5) Serve Customers in a Better Manner

The location of the plant affects the company’s ability to serve its customers quickly and conveniently. For example, a nationwide commercial trucking business wants to locate a truck terminal. Since the trucking business is highly dependent on inter-state highways, the truck terminals must be located along highways or as close to highways as possible.

In practice, many factors have an impact on location decisions. The relative importance of these factors depends on whether the scope of a particular location problem is international, national, state-wide, or community-wide.

For example, if we are trying to determine the location of a manufacturing facility in a foreign nation. Factors such as political stability, foreign exchange rates, business climate, duties, and taxes play a role in that case. Suppose the scope of the location problem is restricted to a few communities. Community services, property tax incentives, local business climate, and government regulations are more important.

Types of Facility Location

Location decision pertains to the choice of an appropriate geographical site for locating various facilities of an organization. At one extreme, it is possible to have a single location where all the facilities could be located. On the other stream, many facilities are located in as many markets so that it is easy to access customers. Each of these streams has its particular problems and its specific characteristics.

Single Facility Location

The following steps serve as a guideline for making a single-location decision:

1) Define the Objectives and Associated Constraints for the Location

The location objectives and associated constraints are defined based on the views and requirements of the firm’s owners, promoters, employees, suppliers and customers.

2) Identify the Relevant Decision Criteria

Companies should select a location by formulating relevant decision criteria. The criteria should include several economic factors such as labour and material costs, and non – economic factors, such as the impact of the plant on the surrounding environment.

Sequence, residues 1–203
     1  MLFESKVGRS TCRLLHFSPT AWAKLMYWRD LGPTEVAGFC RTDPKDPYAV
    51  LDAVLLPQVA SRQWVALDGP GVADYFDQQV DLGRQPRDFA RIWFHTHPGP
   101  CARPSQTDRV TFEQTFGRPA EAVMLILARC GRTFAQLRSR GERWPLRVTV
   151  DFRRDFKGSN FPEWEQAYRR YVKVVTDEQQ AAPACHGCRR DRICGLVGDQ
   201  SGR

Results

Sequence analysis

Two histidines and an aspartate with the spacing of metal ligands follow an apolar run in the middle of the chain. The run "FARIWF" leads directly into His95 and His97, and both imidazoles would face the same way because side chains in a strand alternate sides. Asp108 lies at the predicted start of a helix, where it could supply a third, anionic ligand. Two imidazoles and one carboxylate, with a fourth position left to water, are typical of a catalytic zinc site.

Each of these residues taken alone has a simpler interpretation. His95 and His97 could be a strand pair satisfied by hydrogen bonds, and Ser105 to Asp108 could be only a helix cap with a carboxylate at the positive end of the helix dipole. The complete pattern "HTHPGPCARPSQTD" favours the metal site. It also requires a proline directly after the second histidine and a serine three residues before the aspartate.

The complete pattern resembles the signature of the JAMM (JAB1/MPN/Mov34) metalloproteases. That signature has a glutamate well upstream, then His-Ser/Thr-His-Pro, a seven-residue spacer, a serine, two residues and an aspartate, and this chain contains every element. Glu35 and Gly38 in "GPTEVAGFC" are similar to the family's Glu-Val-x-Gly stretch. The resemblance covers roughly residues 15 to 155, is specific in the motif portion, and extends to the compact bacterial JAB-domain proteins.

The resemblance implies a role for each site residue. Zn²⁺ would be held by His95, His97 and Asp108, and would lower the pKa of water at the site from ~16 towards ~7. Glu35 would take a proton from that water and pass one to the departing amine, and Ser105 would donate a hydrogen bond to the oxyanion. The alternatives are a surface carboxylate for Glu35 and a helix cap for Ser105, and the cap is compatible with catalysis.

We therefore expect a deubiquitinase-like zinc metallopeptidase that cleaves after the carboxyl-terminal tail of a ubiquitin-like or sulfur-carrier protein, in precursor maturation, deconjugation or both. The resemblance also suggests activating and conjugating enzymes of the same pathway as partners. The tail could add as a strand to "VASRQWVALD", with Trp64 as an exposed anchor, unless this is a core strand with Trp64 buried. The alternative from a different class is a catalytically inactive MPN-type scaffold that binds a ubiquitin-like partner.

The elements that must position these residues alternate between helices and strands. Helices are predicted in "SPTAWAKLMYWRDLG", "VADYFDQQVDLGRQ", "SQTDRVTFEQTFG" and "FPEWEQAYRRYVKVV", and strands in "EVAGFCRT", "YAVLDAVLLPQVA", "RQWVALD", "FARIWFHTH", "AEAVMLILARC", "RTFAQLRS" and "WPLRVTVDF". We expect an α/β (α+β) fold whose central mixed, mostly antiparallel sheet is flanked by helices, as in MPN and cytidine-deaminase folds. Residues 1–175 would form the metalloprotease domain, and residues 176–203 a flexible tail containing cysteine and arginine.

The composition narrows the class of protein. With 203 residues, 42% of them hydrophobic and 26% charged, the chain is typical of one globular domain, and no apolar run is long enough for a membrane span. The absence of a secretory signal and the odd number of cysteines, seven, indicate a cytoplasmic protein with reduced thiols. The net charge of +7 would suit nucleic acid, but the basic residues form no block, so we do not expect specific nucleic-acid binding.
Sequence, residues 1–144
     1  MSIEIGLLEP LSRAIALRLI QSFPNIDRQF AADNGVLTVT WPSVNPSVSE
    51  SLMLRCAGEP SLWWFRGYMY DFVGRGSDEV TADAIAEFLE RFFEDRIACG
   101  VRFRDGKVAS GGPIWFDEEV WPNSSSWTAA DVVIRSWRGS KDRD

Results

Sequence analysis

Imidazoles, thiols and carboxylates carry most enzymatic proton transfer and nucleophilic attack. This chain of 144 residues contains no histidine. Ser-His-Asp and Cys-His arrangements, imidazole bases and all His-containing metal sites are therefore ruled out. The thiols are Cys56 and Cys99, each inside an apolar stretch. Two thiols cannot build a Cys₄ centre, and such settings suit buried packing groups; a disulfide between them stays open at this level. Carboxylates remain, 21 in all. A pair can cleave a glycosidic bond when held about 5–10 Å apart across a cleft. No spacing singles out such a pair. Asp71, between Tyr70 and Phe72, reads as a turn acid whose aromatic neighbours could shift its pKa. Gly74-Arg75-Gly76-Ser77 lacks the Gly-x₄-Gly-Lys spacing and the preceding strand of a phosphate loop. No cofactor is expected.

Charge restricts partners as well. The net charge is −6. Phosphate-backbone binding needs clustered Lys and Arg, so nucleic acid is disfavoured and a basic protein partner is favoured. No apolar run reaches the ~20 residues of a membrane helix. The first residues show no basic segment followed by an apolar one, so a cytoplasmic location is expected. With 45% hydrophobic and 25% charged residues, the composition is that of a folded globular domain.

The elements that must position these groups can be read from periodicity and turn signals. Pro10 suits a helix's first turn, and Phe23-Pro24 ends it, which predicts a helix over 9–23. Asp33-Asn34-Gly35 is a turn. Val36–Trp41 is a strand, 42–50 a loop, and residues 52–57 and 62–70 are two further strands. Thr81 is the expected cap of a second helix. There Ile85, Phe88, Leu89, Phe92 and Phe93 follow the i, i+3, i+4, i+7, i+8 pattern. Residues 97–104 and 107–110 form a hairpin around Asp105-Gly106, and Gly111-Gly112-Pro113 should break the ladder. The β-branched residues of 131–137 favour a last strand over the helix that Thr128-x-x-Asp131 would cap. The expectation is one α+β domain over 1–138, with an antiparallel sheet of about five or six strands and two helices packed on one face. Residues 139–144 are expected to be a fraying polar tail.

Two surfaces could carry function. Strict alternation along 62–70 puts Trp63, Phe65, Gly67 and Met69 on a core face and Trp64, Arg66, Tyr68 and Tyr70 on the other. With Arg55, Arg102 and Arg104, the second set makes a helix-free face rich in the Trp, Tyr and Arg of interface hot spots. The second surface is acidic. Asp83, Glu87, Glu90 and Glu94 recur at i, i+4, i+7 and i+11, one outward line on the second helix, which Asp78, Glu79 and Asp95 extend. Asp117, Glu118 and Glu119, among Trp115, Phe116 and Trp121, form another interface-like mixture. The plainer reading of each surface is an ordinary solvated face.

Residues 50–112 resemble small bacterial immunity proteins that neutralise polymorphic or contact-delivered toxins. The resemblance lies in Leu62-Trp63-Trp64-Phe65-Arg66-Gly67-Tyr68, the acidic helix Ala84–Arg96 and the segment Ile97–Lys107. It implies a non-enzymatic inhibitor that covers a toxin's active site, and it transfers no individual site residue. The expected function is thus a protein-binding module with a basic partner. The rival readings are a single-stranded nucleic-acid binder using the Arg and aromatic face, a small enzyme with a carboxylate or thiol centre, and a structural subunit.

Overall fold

3) Align Objectives with Criteria Using Suitable Models

The relevant decision criteria should be evaluated using models like break-even analysis, linear programming, and qualitative factor analysis. Though it is preferred to model the location decision process systematically and quantitatively, it isn’t easy to quantify the intangible criteria. Therefore, responsible managers’ judgment is considered to obtain a solution.

4) Evaluate the Alternative Locations

Companies should collect primary and secondary data to evaluate alternative locations. Primary data is the data that is collected for a specific purpose for the first time. Firms mainly use survey methods like telephonic, personal, and mail interviews to collect the primary data.

Secondary data is already available but might have been collected for some other purpose or by some other institutions. Publications of the Center for Monitoring Indian Economy (CMIE), journals of the Federation of Indian Chambers of Commerce and Industry (FICCI), and Central Statistical Organization (CSO) are some of the secondary data sources. Firms collect the possible primary and secondary data and evaluate different alternative locations based on this data using the given decision criterion.

5) Select the Location that Best Aligns with the Criteria

A location that can meet the defined objectives, satisfy the criteria and provide benefits to the community should be selected.

Multi-Facility Location

There are three strategies for organizations to have more than one facility for pursuing their operations:

1) Separate Facilities for Different Products/Services

Companies which are into diversified product/service ranges prefer to have separate facilities for each of these. Each facility takes care of the entire population (markets) or total geographical area for a particular service or product. This is done to avoid confusion and bring about economies of scale. While goods manufacturing companies such as LG, Videocon, BPL, etc., have separate plants for colour TVs, washing machines, microwave ovens, refrigerators, etc.

2) Separate Facilities to Serve Different Geographical Areas

Pepsi and Coca-Cola provide a perfect example of this strategy. This strategy reduces the overall transportation cost and the lead time for supplying goods in the markets. Prompt action can be taken to address sudden changes in demand. Service sector organizations such as banks, insurance companies, hospitals, and courier services also have multiple offices to serve different regions/geographical areas.

3) Separate Facilities for Different Processes

Many colour TV manufacturers have separate facilities for manufacturing picture tubes, which are major components used in the manufacture of a TV set. The Aditya Birla group has a separate factory at Jagdishpur (UP) for manufacturing plastic sacks, which are supplied to the Indo-Gulf Fertilizers Factory, also at Jagdishpur. These sacks are used to package the urea manufactured by them. Similarly, companies such as Reliance Industries, which are in backward integration, i.e., which manufactures their raw materials, also tend to have separate facilities for the production of such items.